Kolken & Kolken. Results-oriented immigration lawyers - specializing in Green Card, Deportation Cases and Temporary Visas.


Published: Aug 19, 2014

Our clients are natives and citizens of Nigeria.  They came to the United States as visitors almost 25 years ago as young girls, along with their parents.  The family was encountered by the old Immigration and Naturalization Service in the mid 1990’s, and Immigration Court proceedings were instituted.  Their father’s deportation was suspended, and he then became a lawful permanent resident and then a United States citizen.

Unfortunately, his two daughters had been ordered to depart the United States voluntarily by the Immigration Judge who handled the Court proceeding.  The proceeding was appealed to the Board of Immigration Appeals (BIA) by the attorney representing them at that time.  The BIA administratively closed the proceedings in 2002.  Thereafter, our clients applied for green cards after their father became a United States citizen.  The applications were denied because their Immigration Court case was still pending.  At this point we were retained. 

After obtaining all of the court records and thoroughly investigating the case history, we contacted the Chief Counsel representing the Department of Homeland Security where the Immigration Court proceeding had occurred.  We put together a compelling package showing all of our clients’ equities in the United States, and requested that the Government attorneys join with us in requesting that the BIA remand the case to the Immigration Judge.  The Chief Counsel agreed and we then obtained a BIA Order sending the case back to the Immigration Judge so that our clients could apply for green cards.  We then obtained the Government attorneys consent to dismiss the case without prejudice so that U.S. Citizenship and Immigration Services could process their applications without the necessity and expense of a trial.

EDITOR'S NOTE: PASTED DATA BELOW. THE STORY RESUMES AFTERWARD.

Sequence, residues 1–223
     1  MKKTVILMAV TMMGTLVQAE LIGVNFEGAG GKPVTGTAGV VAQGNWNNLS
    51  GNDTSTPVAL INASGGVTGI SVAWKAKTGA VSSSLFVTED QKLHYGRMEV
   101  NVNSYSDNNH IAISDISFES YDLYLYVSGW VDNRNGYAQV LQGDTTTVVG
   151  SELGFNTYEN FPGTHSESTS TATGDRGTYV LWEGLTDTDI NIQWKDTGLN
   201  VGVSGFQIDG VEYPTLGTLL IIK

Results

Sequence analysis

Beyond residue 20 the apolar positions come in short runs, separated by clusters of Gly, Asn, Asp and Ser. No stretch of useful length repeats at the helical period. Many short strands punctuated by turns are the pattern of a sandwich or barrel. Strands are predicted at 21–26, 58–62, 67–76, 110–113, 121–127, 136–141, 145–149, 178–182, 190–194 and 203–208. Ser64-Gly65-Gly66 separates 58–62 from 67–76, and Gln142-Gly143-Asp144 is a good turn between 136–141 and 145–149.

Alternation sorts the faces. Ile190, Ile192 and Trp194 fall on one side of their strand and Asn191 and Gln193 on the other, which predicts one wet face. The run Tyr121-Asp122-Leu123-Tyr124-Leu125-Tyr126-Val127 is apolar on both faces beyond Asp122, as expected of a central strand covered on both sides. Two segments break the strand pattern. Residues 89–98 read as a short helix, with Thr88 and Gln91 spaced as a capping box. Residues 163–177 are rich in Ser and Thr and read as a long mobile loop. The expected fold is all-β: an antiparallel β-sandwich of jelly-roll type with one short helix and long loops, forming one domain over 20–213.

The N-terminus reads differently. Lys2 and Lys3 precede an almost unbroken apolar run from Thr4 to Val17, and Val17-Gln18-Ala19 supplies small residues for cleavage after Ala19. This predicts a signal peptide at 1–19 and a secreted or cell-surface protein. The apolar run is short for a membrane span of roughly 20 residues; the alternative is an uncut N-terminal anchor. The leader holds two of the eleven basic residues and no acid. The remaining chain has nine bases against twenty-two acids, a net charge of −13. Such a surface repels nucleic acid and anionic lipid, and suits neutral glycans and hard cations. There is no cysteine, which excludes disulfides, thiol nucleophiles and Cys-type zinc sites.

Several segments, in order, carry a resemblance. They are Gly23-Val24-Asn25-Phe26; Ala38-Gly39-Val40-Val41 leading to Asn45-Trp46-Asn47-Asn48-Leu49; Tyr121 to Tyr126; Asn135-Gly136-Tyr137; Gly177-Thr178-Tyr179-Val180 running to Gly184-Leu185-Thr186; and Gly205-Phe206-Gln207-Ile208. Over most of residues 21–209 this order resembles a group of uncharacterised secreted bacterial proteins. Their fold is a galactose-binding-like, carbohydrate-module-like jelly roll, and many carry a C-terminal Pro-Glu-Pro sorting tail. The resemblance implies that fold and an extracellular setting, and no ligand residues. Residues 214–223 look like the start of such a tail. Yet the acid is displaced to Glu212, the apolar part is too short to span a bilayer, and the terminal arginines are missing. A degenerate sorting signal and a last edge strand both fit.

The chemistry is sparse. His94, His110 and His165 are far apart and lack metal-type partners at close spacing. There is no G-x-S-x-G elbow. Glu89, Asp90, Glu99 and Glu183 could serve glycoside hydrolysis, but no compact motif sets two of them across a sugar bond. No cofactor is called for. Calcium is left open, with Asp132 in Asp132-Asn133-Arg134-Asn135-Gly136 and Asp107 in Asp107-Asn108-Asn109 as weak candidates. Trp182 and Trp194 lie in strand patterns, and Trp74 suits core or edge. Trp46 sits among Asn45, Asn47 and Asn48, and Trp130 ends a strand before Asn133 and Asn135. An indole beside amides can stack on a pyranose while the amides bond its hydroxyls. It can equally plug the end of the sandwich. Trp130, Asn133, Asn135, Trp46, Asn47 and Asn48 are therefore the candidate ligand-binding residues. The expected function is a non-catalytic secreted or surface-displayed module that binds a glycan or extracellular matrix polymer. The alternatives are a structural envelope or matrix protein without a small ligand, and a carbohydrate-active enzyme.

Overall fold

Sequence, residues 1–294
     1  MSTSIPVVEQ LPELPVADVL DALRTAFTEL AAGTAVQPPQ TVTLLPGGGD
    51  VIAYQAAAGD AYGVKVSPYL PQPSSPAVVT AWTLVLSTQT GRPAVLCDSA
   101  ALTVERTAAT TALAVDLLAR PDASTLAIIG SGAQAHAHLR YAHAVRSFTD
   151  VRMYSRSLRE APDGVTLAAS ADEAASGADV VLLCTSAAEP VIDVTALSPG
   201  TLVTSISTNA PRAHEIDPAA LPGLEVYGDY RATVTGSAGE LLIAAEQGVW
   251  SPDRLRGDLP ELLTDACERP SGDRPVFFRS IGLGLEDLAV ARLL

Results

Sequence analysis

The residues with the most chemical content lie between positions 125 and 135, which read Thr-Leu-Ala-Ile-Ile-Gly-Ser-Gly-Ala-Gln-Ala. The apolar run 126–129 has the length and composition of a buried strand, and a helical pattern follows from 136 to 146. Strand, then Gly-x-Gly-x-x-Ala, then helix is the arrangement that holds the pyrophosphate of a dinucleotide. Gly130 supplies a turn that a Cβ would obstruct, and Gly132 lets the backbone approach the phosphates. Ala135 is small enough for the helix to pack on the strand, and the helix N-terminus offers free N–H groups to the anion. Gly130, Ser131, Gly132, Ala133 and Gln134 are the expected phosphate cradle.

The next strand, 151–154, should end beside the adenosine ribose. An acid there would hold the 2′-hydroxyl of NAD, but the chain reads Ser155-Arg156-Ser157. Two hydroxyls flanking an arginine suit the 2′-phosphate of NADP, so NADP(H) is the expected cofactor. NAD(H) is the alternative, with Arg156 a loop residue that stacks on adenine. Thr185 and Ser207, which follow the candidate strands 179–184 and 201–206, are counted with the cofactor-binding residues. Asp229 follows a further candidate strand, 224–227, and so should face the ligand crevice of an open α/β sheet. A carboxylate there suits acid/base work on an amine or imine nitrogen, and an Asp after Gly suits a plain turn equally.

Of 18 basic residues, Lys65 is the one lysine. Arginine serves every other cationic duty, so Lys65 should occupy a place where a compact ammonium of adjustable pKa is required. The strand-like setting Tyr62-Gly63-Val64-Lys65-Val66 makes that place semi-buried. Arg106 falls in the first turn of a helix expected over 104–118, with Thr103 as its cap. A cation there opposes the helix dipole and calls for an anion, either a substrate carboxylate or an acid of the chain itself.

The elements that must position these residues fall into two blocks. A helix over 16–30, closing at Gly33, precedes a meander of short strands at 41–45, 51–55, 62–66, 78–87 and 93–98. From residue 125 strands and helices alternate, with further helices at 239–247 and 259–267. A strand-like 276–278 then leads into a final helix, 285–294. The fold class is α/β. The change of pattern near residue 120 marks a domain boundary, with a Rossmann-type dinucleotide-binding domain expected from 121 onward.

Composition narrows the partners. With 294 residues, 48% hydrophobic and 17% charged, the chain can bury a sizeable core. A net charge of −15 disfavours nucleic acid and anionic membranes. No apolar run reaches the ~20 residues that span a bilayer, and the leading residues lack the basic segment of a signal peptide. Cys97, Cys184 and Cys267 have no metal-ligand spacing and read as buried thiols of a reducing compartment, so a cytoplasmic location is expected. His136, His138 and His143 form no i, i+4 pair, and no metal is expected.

We appeared before the Immigration Court and made oral argument setting forth the case history and the legal reasons why our clients were entitled to relief, and should be allowed to apply for green cards before U.S. Citizenship and Immigration Services.  The Immigration Judge granted our motion and terminated the proceedings.

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